Hong Kong’s first bird flu crisis began in March 1997, when close to 7,000 chickens on three rural farms were wiped out by an H5 strain. To contain the outbreak, the Hong Kong government ordered a mass slaughter of all poultry. Overall, the first outbreak led to 18 confirmed cases of H5N1 in humans what. 6 deaths in The decision to slaughter the chicken was controversial at the time. Poor coordination and inefficiency, the first cull and damaged the Hong Kong government … Read more »

Hong Kong’s first bird flu crisis began in March 1997, when close to 7,000 chickens on three rural farms were wiped out by an H5 strain. To contain the outbreak, the Hong Kong government ordered a mass slaughter of all poultry. Overall, the first outbreak led to 18 confirmed cases of H5N1 in humans what. 6 deaths in The decision to slaughter the chicken was controversial at the time. Poor coordination and inefficiency, the first cull and the Hong Kong government’s credibility damaged. The crisis put pressure on the board Chairman, Mr Tung Chee-wah, to find new solutions to curb bird flu. Against the background of the first bird flu crisis, the environment and nutrition Bureau and the Hong Kong government has repeatedly bird flu outbreaks May 2001, and February 2002. With the resurgence of bird flu, there is an opportunity for the Government of Hong Kong to show the public how it learned to cope with the ongoing crises.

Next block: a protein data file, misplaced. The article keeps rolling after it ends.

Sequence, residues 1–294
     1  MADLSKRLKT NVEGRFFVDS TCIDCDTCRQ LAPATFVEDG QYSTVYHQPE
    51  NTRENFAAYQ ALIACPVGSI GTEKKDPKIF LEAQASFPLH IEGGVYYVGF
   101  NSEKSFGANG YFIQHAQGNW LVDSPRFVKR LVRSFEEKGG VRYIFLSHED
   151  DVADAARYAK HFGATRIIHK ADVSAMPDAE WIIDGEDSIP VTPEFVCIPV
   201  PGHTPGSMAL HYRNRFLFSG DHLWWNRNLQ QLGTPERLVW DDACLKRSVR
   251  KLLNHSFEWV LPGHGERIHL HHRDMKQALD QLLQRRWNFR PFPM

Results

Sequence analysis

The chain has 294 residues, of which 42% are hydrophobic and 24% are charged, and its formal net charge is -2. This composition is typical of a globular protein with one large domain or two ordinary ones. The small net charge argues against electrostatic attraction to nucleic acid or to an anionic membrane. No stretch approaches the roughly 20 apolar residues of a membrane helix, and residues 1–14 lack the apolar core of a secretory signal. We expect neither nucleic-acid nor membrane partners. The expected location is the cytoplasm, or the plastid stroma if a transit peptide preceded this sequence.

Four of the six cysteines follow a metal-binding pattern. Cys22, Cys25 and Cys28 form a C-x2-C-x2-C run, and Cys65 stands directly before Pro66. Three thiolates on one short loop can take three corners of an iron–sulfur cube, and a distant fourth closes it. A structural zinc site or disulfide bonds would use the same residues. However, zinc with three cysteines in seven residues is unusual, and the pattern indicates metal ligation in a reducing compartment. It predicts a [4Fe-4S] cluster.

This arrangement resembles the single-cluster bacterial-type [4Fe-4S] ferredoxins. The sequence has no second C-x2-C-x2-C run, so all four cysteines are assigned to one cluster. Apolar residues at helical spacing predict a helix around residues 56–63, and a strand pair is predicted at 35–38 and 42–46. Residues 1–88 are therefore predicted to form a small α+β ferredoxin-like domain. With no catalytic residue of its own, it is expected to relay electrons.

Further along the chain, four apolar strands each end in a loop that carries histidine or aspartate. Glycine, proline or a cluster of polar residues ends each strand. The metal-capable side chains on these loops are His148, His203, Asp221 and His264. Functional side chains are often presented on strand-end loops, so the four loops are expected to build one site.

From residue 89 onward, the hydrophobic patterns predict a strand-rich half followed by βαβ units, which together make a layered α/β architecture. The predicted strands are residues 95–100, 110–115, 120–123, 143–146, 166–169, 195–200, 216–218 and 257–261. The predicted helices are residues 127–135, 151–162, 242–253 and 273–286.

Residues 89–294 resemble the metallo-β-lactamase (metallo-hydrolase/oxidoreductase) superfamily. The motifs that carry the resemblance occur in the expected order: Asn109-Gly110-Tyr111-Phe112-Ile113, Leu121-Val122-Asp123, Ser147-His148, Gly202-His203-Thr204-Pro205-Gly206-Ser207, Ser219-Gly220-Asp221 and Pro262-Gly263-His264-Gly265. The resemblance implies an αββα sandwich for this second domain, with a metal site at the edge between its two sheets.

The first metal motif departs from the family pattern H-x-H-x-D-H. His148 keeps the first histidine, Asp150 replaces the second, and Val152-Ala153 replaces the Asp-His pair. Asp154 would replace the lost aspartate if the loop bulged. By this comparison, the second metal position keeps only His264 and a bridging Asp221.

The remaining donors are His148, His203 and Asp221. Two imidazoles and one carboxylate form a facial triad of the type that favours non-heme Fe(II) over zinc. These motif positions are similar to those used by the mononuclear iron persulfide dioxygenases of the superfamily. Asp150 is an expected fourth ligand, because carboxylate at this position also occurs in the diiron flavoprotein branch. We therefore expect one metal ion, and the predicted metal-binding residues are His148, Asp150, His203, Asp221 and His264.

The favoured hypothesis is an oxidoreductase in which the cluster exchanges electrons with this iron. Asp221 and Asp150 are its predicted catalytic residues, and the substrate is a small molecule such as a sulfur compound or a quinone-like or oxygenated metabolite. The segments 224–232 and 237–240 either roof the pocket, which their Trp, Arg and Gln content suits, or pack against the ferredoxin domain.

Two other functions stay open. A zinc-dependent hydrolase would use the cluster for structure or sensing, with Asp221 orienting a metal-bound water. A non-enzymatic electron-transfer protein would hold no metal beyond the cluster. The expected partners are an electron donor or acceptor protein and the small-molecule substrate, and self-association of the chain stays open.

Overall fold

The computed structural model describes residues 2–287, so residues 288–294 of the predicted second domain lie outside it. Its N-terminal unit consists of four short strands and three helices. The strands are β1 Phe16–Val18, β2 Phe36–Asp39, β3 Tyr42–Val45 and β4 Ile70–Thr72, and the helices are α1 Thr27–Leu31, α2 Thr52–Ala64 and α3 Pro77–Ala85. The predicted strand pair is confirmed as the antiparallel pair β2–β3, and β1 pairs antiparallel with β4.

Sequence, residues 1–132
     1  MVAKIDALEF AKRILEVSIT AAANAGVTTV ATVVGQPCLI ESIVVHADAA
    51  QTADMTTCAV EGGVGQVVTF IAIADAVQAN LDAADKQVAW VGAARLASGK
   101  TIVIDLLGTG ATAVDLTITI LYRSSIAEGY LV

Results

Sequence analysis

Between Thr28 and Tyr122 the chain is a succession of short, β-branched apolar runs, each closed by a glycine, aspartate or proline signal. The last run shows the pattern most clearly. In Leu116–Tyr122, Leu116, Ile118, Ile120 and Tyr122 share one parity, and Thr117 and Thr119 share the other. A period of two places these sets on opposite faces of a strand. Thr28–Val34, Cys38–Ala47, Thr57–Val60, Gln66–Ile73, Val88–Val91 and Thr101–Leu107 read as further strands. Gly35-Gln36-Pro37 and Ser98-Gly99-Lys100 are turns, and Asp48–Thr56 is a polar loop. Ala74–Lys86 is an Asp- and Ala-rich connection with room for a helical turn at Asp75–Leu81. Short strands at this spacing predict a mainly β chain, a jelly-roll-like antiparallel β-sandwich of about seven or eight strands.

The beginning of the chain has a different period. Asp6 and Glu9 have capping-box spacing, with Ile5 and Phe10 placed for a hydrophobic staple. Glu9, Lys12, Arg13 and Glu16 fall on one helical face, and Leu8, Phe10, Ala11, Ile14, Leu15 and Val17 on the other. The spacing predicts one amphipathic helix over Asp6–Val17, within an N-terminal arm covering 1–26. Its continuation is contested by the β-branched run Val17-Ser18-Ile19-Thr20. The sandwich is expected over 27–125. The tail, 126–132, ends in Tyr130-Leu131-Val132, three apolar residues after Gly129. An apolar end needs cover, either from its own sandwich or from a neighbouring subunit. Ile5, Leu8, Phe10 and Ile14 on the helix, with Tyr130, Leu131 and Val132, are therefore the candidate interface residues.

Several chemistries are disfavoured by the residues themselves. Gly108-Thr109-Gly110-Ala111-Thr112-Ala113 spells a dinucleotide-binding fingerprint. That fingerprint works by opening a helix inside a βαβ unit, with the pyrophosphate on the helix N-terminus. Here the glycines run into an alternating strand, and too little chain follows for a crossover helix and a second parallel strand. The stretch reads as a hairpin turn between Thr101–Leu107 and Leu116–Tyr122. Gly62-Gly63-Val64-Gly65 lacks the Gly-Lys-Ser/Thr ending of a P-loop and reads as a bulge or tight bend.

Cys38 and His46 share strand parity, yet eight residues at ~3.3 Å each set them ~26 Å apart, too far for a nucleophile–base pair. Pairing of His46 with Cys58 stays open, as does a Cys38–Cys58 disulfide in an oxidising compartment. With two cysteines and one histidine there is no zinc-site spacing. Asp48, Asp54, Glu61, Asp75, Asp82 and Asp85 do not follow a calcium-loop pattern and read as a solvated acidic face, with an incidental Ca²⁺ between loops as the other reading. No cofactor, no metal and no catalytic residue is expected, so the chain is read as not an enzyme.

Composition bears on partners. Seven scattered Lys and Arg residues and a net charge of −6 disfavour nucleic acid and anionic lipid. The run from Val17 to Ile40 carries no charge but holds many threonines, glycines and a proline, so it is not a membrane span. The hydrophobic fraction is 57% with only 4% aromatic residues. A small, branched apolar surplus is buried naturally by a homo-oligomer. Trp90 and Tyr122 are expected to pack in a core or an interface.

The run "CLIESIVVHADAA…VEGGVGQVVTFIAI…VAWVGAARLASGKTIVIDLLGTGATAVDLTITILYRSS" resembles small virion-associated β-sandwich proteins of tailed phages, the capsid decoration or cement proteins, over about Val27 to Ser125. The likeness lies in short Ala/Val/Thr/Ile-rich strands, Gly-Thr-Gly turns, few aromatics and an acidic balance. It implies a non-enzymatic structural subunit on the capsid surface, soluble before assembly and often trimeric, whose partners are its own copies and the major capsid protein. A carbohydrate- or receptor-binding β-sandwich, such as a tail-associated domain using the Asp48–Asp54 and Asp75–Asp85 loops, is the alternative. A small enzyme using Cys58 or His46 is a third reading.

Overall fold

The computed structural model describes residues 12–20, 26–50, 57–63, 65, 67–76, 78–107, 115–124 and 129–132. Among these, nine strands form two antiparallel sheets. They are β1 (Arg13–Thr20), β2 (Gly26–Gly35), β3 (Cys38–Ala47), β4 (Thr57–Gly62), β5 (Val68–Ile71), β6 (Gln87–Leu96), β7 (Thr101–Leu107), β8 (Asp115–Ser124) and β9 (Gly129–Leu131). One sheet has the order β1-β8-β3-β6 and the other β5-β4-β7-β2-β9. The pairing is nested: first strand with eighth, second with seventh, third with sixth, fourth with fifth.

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from
Gilbert Wong,
Millie Kwan,
Mary Ho
Source: University of Hong Kong
18 pages.
Publication Date: Oct 22, 2002. Prod #: HKU232-PDF-ENG
Learning from “Bird Flu”: How the Government of Hong Kong with a crisis HBR case solution Learnt Deal

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